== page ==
I am not claiming to be naive.
For instance, I remember watching Martin Luther King, Jr and Robert F. Kennedy's funerals on television when I was five years old. I remember following Vietnam War protests as a kid, wearing POW bracelets, and observing the bitter political battles of 1968 and 1972. I remember watching Richard Nixon resign the Presidency in 1974 and feeling a cloud of cynicism envelope my developing political consciousness, alongside a strong desire to grow up and serve, to make sure that things were better than what I had seen as a young person.
President Clinton, the first Democrat I ever voted for who won the White House and Barack Obama won last year, offered that kind of promise of redemption for me, especially with his early call for health care reform and a national service program--both of which I was eager to see finally enacted in our country. I always felt that ending the draft was a strategy for ending the war in Vietnam but would be potentially detrimental to definitions of service and citizenship, which I understood to be essential in building a strong, ethical nation. My father was asked to serve so he did; I expected my country to ask the same of me.
But that never came to pass for reasons that have been rehashed over and over and when President Obama came to power, he did so with a great hope, a practically unrestrained hope, for a whole new political world. And there are days when that seems to be unraveling as well, the culture so impatient, so deeply riven, so unwilling, it seems to me, to make long-term sacrifice to truly build a better nation.
I guess you could say I rejected politics in the mid-1980s for service in the Jewish community, believing that my contributions would be strictly local, one soul at a time. And I have to admit, there are frustrations with that as well. No change movement--whether national, state, local or community-based, is ever easy.
But while walking around the neighborhood, the seat of such community work, during Thursday's and Friday's snowstorm, I was deeply moved by the number of trees that seemed to be falling. The frozen rain and snow of the storm had weighed down on these self-less servants of God, these producers of oxygen, these makers-of-shade. And one by one, they seemed to be falling. One at 8th and Berkeley; another at 7th and St. John's. And then another. Friday's paper carried the tragic news of a tree in Central Park that killed someone and as residents slowly took in the view of the fallen trees, a general fear seemed to take hold of people.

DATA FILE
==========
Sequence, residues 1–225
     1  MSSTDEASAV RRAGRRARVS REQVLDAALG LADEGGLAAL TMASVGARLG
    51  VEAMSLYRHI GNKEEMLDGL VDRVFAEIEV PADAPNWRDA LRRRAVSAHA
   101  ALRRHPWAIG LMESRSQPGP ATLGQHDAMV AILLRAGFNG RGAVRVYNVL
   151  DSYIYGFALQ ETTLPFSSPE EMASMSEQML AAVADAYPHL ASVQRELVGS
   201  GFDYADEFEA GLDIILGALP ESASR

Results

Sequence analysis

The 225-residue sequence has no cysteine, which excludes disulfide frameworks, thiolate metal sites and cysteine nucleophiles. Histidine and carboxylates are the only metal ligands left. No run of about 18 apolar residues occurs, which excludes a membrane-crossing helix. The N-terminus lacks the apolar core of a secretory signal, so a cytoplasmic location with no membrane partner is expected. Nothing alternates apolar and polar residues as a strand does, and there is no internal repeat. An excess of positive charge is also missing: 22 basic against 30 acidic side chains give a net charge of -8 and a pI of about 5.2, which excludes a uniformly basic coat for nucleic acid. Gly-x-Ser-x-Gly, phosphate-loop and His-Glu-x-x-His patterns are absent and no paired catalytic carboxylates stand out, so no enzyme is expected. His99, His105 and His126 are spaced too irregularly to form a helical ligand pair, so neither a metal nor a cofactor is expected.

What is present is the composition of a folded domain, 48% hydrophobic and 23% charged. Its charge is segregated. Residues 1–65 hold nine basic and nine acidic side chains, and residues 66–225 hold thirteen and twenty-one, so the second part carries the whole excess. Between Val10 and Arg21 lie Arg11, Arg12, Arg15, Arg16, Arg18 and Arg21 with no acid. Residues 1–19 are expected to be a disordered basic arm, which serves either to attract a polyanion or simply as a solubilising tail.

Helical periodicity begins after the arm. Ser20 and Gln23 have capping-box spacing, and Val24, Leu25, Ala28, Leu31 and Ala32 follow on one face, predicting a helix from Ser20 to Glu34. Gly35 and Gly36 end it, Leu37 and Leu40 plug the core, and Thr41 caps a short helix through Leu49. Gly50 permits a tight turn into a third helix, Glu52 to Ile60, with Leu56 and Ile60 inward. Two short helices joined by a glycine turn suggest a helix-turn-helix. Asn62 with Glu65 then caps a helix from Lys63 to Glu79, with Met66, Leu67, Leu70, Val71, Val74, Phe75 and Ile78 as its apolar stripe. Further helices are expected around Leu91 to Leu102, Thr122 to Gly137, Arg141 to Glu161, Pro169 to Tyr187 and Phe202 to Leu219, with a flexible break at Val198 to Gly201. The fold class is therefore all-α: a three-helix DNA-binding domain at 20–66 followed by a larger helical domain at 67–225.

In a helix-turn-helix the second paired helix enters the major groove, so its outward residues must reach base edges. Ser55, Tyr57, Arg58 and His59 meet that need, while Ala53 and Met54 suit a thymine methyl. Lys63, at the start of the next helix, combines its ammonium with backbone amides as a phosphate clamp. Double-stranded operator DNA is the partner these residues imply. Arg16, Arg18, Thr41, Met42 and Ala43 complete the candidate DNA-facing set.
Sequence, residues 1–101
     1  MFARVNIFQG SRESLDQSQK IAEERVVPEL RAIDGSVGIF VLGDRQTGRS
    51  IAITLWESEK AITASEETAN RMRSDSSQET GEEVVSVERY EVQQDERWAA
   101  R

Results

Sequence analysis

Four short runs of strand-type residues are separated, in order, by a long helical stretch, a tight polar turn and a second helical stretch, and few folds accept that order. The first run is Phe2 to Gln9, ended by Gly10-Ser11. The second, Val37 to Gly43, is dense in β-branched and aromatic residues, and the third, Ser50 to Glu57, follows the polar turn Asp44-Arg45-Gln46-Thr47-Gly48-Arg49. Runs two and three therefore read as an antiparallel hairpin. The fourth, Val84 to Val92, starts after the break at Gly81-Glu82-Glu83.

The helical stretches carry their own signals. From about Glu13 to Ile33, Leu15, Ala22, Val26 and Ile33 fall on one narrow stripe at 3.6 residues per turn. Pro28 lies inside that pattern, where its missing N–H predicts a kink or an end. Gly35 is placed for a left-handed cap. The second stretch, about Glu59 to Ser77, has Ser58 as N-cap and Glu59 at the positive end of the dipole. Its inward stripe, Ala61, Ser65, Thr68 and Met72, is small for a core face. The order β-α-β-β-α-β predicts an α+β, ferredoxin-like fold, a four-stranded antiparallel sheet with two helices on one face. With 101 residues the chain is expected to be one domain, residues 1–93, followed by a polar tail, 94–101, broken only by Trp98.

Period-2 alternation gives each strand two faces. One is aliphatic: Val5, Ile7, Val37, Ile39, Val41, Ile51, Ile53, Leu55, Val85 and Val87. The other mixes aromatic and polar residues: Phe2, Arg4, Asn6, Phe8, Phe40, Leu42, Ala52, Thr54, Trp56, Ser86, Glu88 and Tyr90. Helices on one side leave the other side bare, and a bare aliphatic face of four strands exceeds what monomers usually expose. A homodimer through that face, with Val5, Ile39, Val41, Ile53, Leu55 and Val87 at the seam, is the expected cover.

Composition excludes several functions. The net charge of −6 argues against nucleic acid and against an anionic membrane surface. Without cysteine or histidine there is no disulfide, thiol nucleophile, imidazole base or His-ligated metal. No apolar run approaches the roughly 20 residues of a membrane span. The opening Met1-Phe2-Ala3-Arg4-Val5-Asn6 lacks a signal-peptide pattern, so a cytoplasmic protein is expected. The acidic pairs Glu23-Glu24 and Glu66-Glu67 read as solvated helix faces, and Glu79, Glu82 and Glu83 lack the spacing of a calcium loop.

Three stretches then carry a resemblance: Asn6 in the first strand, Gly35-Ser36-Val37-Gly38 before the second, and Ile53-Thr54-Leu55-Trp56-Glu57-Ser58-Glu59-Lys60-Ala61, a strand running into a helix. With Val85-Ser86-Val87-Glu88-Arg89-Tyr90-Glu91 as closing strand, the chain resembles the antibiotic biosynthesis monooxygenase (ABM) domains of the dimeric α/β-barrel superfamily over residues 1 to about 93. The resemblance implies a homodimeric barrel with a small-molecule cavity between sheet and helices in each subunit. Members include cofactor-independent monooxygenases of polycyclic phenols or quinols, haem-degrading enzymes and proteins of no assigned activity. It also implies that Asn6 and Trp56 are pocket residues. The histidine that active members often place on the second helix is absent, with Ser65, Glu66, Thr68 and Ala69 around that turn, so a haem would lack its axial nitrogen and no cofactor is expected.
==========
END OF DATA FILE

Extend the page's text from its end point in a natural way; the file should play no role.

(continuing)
Of course, this all took place against the backdrop of Governor Patterson's decision not to seek re-election; against a state budget that is showing enormous strain; and with a national political environment in which it seems every way we turn there is scandal, crisis, lost faith in the power or mission of government.
I was moved by what Frank Rich wrote today, particularly his insistence on shedding light upon the Andrew Joseph Stack III, the IRS plane bomber and in particular, the shocking ways in which he was not resoundingly condemned by Republican leaders--not to mention the Tea Party leaders. There is something so sinister about the killing at the IRS because though the presumption is that "no one likes to pay taxes," I pride myself in that civic duty. Roads, garbage collection, and even fighting the wars that the Right often wants to fight are all paid for by taxes. It goes all the way back to my own understanding of the American Revolution and the twisted understanding of that revolution among the Tea Party stalwarts. It's not the Americans didn't want to pay taxes--it was that they no longer wanted to support the King of England in that enterprise.
So what does it mean when the population rebels against the core institution that pays for the people to govern themselves? And what does it mean, when, like trees in heavy snow and rain, our political leaders seem to be failing and falling all around us?
What happened to standing strong, making tough decisions, bending but not breaking in the wind, in order to provide the oxygen and shade of existence for the citizenry?
I ask these questions as a Jew and as an American and I wonder aloud at what role religious and ethical institutions ought to play in planting new trees among us so that future generations may flourish.